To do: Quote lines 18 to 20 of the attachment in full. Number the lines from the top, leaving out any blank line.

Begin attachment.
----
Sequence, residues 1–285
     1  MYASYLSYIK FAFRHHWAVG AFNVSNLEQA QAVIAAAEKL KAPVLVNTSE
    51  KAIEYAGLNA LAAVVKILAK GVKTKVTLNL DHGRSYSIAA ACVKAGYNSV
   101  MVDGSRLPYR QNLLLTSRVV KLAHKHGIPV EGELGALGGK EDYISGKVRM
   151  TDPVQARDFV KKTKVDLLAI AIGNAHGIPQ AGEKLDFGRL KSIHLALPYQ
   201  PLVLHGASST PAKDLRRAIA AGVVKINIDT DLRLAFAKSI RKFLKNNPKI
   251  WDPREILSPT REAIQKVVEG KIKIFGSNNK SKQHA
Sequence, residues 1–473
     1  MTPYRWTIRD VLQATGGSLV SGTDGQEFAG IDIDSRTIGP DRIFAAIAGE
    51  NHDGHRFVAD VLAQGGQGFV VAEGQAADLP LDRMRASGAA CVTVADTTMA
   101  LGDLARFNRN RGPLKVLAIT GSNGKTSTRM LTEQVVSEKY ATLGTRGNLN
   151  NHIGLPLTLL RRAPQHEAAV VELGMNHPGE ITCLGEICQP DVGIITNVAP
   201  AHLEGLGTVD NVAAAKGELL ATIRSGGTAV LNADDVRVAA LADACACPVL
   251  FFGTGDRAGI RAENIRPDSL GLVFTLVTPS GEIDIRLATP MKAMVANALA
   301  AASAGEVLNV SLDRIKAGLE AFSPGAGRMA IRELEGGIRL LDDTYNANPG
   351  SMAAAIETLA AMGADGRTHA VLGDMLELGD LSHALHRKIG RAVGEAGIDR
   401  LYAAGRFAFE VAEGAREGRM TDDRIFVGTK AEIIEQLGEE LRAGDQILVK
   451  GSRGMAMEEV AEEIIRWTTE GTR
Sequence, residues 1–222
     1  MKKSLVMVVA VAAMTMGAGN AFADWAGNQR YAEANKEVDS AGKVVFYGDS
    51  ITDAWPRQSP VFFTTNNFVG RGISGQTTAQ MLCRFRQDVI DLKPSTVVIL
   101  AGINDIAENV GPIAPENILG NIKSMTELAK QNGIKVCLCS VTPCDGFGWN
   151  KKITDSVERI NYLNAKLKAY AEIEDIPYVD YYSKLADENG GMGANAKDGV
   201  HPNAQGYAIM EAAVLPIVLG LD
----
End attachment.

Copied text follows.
   451  GSRGMAMEEV AEEIIRWTTE GTR
Sequence, residues 1–222
     1  MKKSLVMVVA VAAMTMGAGN AFADWAGNQR YAEANKEVDS AGKVVFYGDS